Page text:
Guest Editors Steven D. Leach, MD, the Paul K. Neumann Professor in Pancreatic Cancer and Professor of Surgery, Oncology and Cell Biology at Johns Hopkins University (Baltimore, MD) and A. Thomas Look, MD, Professor, Department of Pediatrics, Harvard Medical School, and Vice-Chair for Research Pediatric Oncology, Dana Farber Cancer Institute (Boston, MA), have compiled a comprehensive collection of papers that describe current approaches for modeling human cancer in zebrafish, studying tissue remodeling in zebrafish embryos, and understanding the genes, genetic control elements, and repair pathways involved in the development and metastasis of tumors.
A particular advantage of using zebrafish to study cancer biology is the ability to transplant human tumors into the fish using well-established methods. Authors Leonard Zon, PhD, and Alison Taylor, PhD, from Harvard Medical School and Children's Hospital Boston present the concepts and techniques relevant to zebrafish transplantation assays. They describe how tumor transplantation has been used to study leukemia, rhabdomyosarcoma, and melanoma in the paper "Zebrafish Tumor Assays: The State of Transplantation."
The molecular basis for cancers affecting human germ cells is poorly understood, impeding efforts to identify more effective and targeted treatments. In the paper entitled "Identification of a Heritable Model of Testicular Germ Cell Tumor in the Zebrafish," authors Joanie Neumann, Jennifer Dhepard Dovey, Garvin Chandler, Liliana Carbajal, and James Amatruda, describe the development of a zebrafish model that carries a genetic mutation making the fish highly susceptible to the development of testicular tumors. This model system can be used to test new approaches to therapy for testicular cancer.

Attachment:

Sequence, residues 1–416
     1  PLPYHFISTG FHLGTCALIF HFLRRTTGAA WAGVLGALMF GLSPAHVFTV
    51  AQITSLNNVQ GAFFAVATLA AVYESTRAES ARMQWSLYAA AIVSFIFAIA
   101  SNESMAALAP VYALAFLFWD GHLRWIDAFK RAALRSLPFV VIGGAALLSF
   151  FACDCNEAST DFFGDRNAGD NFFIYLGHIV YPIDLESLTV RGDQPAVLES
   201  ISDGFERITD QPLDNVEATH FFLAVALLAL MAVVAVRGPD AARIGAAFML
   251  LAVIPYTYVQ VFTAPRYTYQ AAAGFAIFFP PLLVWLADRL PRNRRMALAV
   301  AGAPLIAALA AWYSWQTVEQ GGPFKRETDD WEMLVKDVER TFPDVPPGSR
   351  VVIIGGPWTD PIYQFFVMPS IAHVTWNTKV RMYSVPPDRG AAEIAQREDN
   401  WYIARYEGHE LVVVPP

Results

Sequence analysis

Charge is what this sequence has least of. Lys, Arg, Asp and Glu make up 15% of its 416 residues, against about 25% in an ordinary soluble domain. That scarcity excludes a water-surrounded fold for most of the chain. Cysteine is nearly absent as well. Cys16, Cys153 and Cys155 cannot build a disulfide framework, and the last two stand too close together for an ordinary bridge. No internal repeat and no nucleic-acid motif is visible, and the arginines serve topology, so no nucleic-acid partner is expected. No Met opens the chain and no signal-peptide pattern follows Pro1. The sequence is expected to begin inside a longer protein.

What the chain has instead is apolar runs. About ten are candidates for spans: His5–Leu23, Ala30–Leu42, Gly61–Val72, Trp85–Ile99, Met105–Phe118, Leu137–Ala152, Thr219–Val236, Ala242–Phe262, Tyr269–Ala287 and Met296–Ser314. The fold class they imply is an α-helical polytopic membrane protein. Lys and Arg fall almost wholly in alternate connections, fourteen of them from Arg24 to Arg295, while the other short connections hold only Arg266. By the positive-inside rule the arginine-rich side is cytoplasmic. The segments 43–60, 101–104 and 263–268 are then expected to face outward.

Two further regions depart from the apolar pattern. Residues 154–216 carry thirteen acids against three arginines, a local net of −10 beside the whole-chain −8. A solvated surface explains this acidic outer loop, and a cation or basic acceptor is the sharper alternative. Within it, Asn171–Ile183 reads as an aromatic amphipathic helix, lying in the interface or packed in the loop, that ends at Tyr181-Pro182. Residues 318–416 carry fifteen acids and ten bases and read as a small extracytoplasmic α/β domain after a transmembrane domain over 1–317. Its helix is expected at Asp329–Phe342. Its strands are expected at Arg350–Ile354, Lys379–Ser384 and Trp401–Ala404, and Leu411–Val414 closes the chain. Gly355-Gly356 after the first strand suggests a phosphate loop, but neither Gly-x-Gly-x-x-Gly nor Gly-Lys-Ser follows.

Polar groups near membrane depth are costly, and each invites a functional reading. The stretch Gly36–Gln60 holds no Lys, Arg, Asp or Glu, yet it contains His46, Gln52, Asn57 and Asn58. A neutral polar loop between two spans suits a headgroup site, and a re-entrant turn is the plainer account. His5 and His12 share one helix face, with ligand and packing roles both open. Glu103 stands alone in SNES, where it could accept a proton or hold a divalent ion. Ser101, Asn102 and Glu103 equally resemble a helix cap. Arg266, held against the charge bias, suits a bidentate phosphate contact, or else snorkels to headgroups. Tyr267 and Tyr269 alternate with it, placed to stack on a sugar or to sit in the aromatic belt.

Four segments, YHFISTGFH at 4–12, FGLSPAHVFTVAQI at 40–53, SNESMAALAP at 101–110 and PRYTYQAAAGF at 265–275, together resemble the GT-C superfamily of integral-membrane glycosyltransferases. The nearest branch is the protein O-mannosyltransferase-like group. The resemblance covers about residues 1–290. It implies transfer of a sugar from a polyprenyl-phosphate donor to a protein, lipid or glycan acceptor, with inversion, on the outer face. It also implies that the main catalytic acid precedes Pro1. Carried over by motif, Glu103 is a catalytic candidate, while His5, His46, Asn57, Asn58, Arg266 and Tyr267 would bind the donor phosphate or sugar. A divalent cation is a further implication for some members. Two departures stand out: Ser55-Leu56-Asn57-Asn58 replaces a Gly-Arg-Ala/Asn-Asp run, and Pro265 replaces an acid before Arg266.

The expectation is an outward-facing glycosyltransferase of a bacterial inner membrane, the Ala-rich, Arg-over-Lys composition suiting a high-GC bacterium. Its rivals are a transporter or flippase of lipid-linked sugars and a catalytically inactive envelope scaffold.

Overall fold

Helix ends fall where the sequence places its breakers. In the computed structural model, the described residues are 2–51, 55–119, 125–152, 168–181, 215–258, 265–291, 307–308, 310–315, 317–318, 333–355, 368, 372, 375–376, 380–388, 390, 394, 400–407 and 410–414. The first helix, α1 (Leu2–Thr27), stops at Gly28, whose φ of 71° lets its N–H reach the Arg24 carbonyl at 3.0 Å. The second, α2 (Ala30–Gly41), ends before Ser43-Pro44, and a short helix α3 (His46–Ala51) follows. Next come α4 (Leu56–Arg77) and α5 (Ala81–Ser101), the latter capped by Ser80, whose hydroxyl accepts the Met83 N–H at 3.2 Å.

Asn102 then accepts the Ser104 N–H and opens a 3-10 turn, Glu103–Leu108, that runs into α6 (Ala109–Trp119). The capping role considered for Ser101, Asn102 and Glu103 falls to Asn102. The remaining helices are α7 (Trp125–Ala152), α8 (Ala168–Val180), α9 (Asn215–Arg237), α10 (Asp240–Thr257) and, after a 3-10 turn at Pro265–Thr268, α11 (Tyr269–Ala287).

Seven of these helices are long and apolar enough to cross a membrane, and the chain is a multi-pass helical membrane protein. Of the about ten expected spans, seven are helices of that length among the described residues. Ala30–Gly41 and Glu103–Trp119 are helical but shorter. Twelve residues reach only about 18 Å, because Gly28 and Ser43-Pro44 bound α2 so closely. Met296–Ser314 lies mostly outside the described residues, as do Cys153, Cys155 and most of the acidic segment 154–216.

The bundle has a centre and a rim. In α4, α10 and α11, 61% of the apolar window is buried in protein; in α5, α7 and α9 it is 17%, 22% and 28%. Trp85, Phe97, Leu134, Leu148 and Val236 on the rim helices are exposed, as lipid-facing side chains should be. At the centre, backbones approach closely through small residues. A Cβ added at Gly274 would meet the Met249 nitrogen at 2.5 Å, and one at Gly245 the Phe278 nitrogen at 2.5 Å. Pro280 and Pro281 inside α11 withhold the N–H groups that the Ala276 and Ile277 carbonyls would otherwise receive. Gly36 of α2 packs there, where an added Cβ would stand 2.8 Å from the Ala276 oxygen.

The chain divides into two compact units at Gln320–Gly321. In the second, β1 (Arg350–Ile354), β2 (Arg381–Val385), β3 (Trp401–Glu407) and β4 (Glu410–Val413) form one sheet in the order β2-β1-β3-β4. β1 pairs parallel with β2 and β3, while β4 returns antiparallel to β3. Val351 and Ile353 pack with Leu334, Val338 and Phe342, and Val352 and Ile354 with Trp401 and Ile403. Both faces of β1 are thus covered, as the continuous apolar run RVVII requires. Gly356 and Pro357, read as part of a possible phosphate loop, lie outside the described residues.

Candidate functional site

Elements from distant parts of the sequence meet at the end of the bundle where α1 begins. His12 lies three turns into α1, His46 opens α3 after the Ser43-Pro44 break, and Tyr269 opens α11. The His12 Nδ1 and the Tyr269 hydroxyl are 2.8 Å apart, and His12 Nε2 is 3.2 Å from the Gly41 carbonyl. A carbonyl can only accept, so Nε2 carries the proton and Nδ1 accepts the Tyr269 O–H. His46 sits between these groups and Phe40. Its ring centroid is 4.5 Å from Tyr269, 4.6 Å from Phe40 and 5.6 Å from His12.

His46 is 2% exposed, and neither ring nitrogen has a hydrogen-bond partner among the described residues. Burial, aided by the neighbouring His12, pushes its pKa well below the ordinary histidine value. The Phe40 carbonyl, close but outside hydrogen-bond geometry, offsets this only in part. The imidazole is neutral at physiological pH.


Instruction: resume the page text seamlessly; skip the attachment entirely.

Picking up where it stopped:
Jun Chen and Jinrong Peng, from Zhejian University (China), describe the use of transgenic zebrafish to understand the roles that different naturally occurring forms of the tumor suppressor gene p53 play in regulating cell cycle, metabolism, organ development, and cell aging and death. Their paper "p53 Isoform Δ113p53 in Zebrafish" discusses the potential use of this particular p53 isoform for characterizing factors in the p53 pathway and screening for novel cancer therapies.
Noting the "relative ease and low costs of transgenesis"—putting human genes into zebrafish—and the unique benefits of working with zebrafish, especially related to imaging, genetics, and transplantation, Dr. Leach predicts that, "Future zebrafish cancer research exploiting these fundamental advantages will be especially likely to generate novel insights not achievable using other model systems," in his Introduction to the issue entitled, "Pisces and Cancer: The Stars Align."